In the morning, before the commencement of the experiment, the appropriate amounts of distilled water, rumen buffer solution, macro and micro mineral solutions were mixed with the tryptose and prepared 0.1 % (w/v) resazurin. The enzyme solution was prepared based on the required rate(s) for specific experimental treatments in order to deliver the desired amount of enzyme in a 1 mL aliquot. Appropriate amounts of L-cysteine hydrochloride and sodium sulphide were weighed and directly added to the rest of the solution once all chemicals were dissolved. As soon as the reducing agent was added, the buffer solution was placed in a 39 °C water bath and bubbled with CO2. The serum bottles were then sealed with a rubber stopper and left at 39 °C until the buffer solution was clear, indicating that the solution was sufficiently reduced.

Measurement of gas production

A semi-automated system was used to measure in vitro gas production from feed substrate fermented with enzymes at different levels in a 120 mL serum bottle incubated at 39 °C, as described by Theodorou et al. (1994). The system consists of digital data tracker connected to a pressure transducer with a needle at the tip. About 500 mg of respective feed sample was weighed in the 120 mL serum bottle, and 1 mL of the appropriate enzyme treatment was directly pipetted onto the substrate and incubated for 24 h. Then 42 mL of rumen fluid + medium were added under a stream of CO2 to each of the serum bottles and closed with rubber stoppers and crimp seal caps. The needle was inserted through a rubber stopper of each serum bottle for about 5 s to release a small amount of gas that could accumulate so as to create a starting point for the incubation. All serum bottles were returned to the incubator, and the rotary shaker was turned on at 120 rpm. Gas pressure was taken at 2, 4, 8, 12, 16, 24, 32 and 48 h of incubation. To quantify the gas production derived from the culture medium and the ruminal inoculums, two blanks were included in every batch of analysis. Each treatment was replicated twice per run and a total of four independent runs were executed for every treatment. The pressure and volume values of each reading time were recorded, and added to the values of the previous readings. Thus, the cumulative pressure and volume of the fermentation gases were obtained. Fermentation was terminated after 48 h by removing the serum bottles from the incubator and placing them on ice. The supernatants were taken immediately, pipetted and stored at -20 °C for analysis of ammonia N (McDonald et al., 1960) and VFA (Ottenstein and Bartley, 1971) at a later stage.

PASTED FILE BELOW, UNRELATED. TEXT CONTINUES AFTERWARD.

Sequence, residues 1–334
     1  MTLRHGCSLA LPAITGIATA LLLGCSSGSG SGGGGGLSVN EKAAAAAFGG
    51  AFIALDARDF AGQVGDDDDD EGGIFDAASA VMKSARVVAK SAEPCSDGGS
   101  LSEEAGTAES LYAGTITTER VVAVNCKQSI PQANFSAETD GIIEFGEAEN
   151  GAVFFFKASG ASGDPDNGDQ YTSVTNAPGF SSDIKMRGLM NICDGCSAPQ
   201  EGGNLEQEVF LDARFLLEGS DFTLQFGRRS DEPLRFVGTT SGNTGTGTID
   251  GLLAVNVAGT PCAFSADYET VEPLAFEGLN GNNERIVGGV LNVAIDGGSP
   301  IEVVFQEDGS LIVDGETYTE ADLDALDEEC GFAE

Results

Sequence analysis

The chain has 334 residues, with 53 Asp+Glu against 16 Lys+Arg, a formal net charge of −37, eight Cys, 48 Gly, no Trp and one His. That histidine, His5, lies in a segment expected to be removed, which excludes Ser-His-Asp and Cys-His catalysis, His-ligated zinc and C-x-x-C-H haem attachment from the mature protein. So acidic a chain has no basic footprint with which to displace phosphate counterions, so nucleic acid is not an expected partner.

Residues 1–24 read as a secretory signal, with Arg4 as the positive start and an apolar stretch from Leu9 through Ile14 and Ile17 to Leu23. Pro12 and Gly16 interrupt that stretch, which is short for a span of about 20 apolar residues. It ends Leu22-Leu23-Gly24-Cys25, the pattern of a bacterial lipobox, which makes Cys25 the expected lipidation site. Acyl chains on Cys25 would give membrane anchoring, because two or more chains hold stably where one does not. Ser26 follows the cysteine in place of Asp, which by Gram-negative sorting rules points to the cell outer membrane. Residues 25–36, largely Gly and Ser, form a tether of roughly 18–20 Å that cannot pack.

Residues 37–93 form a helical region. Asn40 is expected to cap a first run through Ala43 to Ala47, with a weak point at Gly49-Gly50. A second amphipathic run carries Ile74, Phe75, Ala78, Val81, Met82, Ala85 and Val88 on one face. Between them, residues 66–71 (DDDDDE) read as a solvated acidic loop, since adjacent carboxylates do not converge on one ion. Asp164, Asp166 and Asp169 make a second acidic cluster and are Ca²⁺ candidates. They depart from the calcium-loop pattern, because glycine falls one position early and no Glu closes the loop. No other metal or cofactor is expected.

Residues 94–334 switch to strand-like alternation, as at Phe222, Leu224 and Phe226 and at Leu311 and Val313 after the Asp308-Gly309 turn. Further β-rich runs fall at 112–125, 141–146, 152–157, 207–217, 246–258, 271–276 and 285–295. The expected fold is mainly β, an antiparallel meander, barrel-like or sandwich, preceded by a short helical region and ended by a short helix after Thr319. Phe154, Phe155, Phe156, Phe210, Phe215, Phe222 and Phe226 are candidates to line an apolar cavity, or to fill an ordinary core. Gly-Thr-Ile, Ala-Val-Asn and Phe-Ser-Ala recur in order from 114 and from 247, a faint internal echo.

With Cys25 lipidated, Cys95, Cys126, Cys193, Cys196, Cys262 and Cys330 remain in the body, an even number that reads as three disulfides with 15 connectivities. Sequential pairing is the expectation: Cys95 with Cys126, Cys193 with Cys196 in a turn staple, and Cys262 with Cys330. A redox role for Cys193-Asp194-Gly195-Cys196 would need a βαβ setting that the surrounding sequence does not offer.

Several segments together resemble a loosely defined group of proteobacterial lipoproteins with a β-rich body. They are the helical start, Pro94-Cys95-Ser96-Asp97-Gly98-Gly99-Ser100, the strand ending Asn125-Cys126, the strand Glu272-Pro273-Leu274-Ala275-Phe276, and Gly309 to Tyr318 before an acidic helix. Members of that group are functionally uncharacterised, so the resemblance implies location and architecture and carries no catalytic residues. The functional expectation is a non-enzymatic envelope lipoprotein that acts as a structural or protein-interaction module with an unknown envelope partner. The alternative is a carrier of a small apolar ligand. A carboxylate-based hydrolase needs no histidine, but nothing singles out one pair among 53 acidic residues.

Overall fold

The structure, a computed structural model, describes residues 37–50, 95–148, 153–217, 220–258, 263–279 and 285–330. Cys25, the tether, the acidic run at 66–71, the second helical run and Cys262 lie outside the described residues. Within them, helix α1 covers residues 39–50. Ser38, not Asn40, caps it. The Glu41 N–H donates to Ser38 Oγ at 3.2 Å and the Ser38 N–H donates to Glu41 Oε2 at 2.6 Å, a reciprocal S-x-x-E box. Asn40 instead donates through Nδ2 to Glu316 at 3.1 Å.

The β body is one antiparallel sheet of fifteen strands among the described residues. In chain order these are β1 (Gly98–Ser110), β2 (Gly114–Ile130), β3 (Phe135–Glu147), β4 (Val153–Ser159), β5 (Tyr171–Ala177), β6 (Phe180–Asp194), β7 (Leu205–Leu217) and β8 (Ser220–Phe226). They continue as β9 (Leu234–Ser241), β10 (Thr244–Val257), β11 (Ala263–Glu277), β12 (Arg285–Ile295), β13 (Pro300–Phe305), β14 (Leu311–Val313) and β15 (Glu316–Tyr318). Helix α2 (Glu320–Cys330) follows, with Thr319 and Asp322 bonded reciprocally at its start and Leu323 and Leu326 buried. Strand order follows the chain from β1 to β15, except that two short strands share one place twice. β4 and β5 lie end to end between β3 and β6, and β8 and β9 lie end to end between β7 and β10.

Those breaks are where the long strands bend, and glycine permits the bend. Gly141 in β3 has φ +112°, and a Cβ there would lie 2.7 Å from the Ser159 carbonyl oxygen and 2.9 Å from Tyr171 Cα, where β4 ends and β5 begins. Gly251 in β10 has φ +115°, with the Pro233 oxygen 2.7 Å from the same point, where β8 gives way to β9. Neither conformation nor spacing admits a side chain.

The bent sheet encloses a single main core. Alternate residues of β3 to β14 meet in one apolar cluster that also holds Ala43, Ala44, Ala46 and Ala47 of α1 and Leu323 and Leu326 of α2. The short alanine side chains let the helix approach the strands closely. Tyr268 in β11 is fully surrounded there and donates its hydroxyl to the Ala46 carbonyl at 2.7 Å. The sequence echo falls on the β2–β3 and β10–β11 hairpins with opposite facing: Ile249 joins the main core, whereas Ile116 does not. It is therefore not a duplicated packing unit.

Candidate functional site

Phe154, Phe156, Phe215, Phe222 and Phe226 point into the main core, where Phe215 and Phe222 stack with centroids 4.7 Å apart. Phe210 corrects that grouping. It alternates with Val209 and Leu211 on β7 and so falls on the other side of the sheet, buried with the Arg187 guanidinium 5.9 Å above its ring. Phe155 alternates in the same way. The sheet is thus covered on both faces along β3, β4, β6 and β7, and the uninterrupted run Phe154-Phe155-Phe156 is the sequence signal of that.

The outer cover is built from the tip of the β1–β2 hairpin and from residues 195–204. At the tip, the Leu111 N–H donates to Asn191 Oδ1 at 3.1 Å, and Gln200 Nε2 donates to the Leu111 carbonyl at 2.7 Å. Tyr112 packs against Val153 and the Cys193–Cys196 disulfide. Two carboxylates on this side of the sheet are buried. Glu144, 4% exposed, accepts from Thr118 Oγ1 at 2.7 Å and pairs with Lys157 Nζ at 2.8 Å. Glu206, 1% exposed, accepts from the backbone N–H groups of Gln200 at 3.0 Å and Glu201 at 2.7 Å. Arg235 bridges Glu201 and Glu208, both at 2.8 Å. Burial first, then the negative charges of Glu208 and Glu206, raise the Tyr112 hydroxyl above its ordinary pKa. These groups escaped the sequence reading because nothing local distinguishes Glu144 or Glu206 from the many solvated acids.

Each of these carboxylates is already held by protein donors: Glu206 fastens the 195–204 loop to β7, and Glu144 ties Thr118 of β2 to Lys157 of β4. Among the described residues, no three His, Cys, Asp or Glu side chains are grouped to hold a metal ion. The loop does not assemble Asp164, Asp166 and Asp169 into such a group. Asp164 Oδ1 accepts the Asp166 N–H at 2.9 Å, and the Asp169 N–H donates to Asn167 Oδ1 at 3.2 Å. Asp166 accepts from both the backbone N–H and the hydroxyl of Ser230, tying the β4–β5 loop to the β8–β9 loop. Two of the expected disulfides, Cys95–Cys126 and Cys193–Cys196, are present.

In vitro degradability

To evaluate in vitro DM degradability at 48 h of fermentation, rumen fluid samples and DM residuals were collected from two bottles per treatment. All the serum bottle contents were transferred into gush crucibles and using a vacuum filter system the fluid was filtered and dried in an oven at 55 °C for 48 h after which DM disappearance was determined. The blank corrected sample weight was referred to as apparently undegradable DM, and degradability was calculated as the ratio of degradable DM to that of substrate DM incubated. Total degradable DM was derived from the difference between the weights of DM incubated residues as indicated by formulas described in the manufacturer's manual.

Methane production measurements

Methane production was measured from the duplicate bottles incubated with each grass sample at 2, 12, 24 and 48 h. The methane concentration was determined using a gas chromatograph, equipped with a solenoid column packed with silica gel and a Flame Ionization Detector (FID). Gas production from each bottle was recorded and gas samples were immediately taken using a Hamilton syringe. The sampled gas was injected manually (pull and push method of sample injection) into a GC, which was already calibrated with standard CH4 and CO2. Two blanks were included for correcting the CH4 produced from the inoculum in each run and a total of two runs were executed for each sample. The measured methane concentration was related to the respective total gas measurement in order to estimate its concentration (Tavendale et al., 2005), and subsequently converted to energy and mass values using 39.54 kJ L−1 CH4 and 0.716 mg mL−1 CH4 factors, respectively (Santoso et al., 2007).

Calculations and statistical analysis

Metabolizable energy (ME, MJ kg−1 DM) was estimated according to Menke and Steingass (1988) as follows: ME (MJ kg−1) = 2.20 + 0.136 IVGP24 (mL 0.5−1 g DM) + 0.057 CP (% DM). Methane production was calculated as follows: g CH4 g−1 digested DM = (gas production 24 h×([CH4 24 h]) - gas produced blank 24 h×[CH4 blank 24 h]))g−1 digested DM according to Chaves et al. (2006). The experimental design used in this study was completely randomized. The data were statistically analyzed using the ‘GLM’ proc of SAS (Statistical Analysis System, Version 9.2) and differences between the means were determined using the Tukey test.